n: a cured pork product distinguished by its salty flavor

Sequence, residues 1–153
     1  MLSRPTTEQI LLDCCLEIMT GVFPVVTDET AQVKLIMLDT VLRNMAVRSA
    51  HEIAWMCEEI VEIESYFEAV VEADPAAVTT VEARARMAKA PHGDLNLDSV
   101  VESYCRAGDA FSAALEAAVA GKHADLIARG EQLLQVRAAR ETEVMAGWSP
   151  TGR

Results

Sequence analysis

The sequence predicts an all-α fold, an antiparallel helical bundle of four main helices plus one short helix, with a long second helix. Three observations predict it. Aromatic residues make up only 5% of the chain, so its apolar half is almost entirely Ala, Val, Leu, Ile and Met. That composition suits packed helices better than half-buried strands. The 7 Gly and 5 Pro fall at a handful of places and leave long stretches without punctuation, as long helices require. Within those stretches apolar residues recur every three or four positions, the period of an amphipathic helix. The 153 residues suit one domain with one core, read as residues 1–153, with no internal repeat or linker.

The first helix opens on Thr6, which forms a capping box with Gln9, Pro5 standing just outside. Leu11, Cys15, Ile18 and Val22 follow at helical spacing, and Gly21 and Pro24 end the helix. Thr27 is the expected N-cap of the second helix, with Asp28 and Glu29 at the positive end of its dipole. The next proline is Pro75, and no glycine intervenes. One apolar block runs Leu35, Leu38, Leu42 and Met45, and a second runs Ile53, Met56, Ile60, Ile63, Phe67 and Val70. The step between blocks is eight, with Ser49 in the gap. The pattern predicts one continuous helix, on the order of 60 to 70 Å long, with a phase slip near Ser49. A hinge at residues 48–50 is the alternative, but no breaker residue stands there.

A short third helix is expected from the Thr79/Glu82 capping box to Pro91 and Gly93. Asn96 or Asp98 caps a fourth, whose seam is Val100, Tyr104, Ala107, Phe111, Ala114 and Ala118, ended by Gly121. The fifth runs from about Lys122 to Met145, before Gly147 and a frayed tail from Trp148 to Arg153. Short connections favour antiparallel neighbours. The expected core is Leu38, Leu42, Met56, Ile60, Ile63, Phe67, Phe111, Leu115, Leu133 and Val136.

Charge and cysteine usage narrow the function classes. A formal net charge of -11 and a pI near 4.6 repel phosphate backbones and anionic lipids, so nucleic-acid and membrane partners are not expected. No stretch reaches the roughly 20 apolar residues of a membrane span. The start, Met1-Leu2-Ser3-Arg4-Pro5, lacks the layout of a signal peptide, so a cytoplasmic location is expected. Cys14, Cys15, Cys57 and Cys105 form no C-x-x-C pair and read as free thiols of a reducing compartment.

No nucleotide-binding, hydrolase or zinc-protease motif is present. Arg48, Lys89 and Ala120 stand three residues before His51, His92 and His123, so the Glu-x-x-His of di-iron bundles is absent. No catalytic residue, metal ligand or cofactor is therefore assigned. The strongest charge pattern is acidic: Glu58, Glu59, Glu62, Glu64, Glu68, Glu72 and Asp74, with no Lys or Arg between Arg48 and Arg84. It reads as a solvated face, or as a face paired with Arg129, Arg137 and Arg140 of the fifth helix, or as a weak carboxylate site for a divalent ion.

Hog, salt, and smoke. The makings of country ham may be simple, but together they render something sublime. The first pigs to set hoof on Southern soil arrived in 1539, brought by Spanish explorer Hernando de Soto to present-day Tampa Bay, Florida. After docking, some of these early swine escaped and became the ancestors of the razorback pigs that today run wild in southeastern states. Country ham ultimately emerged of necessity in the pre-refrigeration South: like kindred cured hams Spanish serrano and Italian prosciutto, a generous salt cure preserves the meat. A true country ham is cut from the hindquarters of a hog, hip to knee. It’s dry cured in salt and sugar for one to three months, smoked, then aged—a process that ranges from several months to a few years, depending on the maker. The hams typically hail from Kentucky, North Carolina, Tennessee, and Virginia, as the conditions for curing meat need to be warm enough that the ham doesn’t freeze, yet cold enough that it doesn’t spoil. These states are all located on what’s described as the world’s “Ham Belt”—a temperate climate zone bound by latitude that historically produces the world’s most celebrated cured pork.